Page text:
EDITOR’S NOTE: It’s hard to imagine taking a West Coast treasure like the Ucluelet Aquarium for granted. Here’s a first-person account from a visitor from Washinton state.
My family and I recently had a great time exploring Vancouver
Island. We stayed at my uncle’s float house in Barkley Sound, we swam in tide pools and jumped into the emerald green Kennedy River. One of our favorite stops though was the Ucluelet Aquarium.
My favorite thing at the Ucluelet catch and release aquarium was the Giant Pacific Octopus.
This octopus is very young and small (it weighs maybe 4 pounds?!!).
When we first arrived the Aquarium workers were introducing the octopus and they didn’t know yet if this young giant was a male or female. I soon learned how to tell the gender of an octopus.
By counting three tentacles to the right you look to see if the very end of the tentacle has suction cups all the way down or not.
If the end of the tentacle is smooth (with no suction cups) it is a male! We soon discovered that this new octopus is a male.
What I really enjoyed about this octopus was that he, unlike most octopi who are new to an environment, did not do what they would have done. Usually they find a place to hide away as soon as they are put into the aquarium tank, but this new occupant was very sociable.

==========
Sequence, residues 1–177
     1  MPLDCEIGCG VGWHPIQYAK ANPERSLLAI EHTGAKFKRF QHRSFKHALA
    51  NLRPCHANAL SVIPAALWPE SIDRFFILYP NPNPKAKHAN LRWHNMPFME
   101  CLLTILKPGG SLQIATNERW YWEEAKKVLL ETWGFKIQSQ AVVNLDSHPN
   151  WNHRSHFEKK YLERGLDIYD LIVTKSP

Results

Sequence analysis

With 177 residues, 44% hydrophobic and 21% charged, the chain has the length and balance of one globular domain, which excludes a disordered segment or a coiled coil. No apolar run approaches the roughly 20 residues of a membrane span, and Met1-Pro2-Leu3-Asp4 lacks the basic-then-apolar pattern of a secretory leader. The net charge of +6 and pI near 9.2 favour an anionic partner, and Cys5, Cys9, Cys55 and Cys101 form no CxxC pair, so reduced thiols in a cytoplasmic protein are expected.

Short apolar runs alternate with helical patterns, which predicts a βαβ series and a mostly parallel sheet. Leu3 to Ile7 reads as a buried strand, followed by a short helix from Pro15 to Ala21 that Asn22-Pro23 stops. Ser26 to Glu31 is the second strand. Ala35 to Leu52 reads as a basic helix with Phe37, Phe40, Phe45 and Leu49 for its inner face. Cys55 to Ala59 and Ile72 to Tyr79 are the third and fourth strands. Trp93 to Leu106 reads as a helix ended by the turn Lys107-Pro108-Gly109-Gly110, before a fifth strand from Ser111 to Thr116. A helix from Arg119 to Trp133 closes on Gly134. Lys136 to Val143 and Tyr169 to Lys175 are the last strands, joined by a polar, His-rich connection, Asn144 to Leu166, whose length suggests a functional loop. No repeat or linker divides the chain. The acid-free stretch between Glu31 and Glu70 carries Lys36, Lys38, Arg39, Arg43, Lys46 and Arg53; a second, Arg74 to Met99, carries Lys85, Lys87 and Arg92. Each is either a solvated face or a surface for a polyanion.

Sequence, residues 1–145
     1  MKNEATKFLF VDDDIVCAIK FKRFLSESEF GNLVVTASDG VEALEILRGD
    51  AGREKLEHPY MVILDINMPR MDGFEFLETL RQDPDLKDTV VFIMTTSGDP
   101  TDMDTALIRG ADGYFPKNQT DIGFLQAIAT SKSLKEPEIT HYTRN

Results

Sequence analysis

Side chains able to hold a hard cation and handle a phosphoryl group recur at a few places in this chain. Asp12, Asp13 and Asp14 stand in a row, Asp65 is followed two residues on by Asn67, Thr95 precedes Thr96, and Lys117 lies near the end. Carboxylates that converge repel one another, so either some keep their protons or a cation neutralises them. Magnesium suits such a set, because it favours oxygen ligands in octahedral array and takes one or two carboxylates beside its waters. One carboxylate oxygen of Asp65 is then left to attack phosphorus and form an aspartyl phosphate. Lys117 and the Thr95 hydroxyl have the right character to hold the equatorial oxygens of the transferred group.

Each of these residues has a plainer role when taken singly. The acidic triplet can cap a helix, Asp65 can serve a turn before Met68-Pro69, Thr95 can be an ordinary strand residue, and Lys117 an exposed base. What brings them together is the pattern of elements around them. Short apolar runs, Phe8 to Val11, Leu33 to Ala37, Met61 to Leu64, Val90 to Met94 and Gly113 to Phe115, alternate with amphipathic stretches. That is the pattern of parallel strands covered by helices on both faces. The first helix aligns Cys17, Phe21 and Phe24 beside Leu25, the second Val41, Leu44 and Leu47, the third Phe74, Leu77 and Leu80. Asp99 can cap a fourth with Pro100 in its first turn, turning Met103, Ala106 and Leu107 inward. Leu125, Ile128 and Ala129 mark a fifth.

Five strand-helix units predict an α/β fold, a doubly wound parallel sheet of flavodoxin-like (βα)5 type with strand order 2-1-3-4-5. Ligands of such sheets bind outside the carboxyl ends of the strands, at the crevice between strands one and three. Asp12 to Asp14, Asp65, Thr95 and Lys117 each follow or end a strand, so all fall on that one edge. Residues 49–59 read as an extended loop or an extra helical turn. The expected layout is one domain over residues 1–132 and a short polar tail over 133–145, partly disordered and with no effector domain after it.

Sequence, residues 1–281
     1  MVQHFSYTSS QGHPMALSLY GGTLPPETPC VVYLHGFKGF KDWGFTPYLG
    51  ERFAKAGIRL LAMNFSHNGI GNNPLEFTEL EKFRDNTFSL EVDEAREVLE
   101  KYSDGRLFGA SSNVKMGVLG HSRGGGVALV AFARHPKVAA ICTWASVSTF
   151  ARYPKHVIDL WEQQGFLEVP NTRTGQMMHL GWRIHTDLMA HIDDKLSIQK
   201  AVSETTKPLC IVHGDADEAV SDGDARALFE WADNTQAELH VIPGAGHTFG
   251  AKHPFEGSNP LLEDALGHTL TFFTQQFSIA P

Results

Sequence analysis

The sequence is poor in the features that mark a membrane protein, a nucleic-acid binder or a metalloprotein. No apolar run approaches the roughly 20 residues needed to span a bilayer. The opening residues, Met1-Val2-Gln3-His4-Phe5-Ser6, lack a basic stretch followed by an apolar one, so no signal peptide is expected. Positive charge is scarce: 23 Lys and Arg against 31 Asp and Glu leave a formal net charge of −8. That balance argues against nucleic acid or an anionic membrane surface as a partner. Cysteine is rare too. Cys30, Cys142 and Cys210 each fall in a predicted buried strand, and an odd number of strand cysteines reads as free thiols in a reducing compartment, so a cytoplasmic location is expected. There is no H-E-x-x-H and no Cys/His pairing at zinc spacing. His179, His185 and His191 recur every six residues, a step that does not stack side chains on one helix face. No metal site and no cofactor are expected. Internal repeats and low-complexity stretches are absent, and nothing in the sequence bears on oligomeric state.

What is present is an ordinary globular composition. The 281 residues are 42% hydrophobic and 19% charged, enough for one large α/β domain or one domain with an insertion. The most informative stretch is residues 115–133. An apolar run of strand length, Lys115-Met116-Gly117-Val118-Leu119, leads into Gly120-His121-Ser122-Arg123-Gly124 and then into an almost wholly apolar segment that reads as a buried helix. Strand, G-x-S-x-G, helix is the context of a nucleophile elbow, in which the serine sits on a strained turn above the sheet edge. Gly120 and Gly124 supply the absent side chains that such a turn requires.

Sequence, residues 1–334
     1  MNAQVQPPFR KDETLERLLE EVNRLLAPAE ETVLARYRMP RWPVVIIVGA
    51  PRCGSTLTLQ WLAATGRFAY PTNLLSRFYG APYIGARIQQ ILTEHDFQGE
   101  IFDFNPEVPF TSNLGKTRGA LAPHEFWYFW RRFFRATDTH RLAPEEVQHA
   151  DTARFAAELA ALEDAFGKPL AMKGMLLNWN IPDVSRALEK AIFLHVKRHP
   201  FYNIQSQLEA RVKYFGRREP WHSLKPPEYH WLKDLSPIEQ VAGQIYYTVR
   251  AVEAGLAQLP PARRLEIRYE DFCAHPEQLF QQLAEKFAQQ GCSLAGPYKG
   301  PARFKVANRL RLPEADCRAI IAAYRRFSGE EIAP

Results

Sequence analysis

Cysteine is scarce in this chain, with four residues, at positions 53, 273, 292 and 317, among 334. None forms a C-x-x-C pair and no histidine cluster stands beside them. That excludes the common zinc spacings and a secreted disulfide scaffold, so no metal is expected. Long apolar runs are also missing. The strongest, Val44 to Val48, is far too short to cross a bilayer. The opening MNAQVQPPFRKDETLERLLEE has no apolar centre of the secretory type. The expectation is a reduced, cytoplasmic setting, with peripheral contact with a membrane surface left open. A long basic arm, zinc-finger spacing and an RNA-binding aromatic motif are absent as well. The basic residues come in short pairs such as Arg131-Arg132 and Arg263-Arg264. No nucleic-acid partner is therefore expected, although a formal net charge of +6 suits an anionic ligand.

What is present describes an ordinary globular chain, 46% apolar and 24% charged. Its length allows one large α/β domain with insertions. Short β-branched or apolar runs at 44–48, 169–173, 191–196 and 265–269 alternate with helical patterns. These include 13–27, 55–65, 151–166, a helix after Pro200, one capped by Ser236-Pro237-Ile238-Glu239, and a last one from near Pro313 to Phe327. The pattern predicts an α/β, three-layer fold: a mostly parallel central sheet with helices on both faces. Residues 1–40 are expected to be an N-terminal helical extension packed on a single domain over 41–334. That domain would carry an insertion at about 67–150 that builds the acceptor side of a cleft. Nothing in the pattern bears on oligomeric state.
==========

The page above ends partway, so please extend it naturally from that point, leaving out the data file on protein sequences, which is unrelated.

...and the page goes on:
He suctioned himself to the glass so we could easily see him.
We could even see him looking at us!
What I think is the most amazing thing about him was how his color and texture could change to mimic his surroundings.
We watched him change from smooth skin all over, to kind of prickly bumpy, even spiky skin. He also changed from a dusky reddish-purple color to more of a pinkish white right before our eyes.
Incredible! These octopi have a very short life span for such a large animal – only 3-4 years. As well as having a short life span they are the fastest growing predator on earth! The same day that this young male a short life span they are the fastest growing predator on earth! The same day that this young male came into the aquarium, a female octopus that had been there for three months was being released back into the ocean.
We were told that she had grown to be 20-25 pounds during her short stay at the aquarium. What a fascinating creature!
Mia Underwood, above right, with her brother Aden, as they explore the Ucluelet Aquarium.
Does your family have a nature adventure to share? Reach us at editor@westerlynews. ca.